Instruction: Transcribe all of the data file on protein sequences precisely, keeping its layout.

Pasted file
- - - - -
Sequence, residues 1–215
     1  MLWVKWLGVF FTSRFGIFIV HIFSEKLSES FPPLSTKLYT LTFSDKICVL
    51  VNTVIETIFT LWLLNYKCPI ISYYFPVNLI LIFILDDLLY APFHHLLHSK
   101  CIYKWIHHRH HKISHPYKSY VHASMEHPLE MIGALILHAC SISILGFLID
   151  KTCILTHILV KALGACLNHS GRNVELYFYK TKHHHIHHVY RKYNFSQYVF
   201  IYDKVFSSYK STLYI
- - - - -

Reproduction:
Sequence, residues 1–215
     1  MLWVKWLGVF FTSRFGIFIV HIFSEKLSES FPPLSTKLYT LTFSDKICVL
    51  VNTVIETIFT LWLLNYKCPI ISYYFPVNLI LIFILDDLLY APFHHLLHSK
   101  CIYKWIHHRH HKISHPYKSY VHASMEHPLE MIGALILHAC SISILGFLID
   151  KTCILTHILV KALGACLNHS GRNVELYFYK TKHHHIHHVY RKYNFSQYVF
   201  IYDKVFSSYK STLYI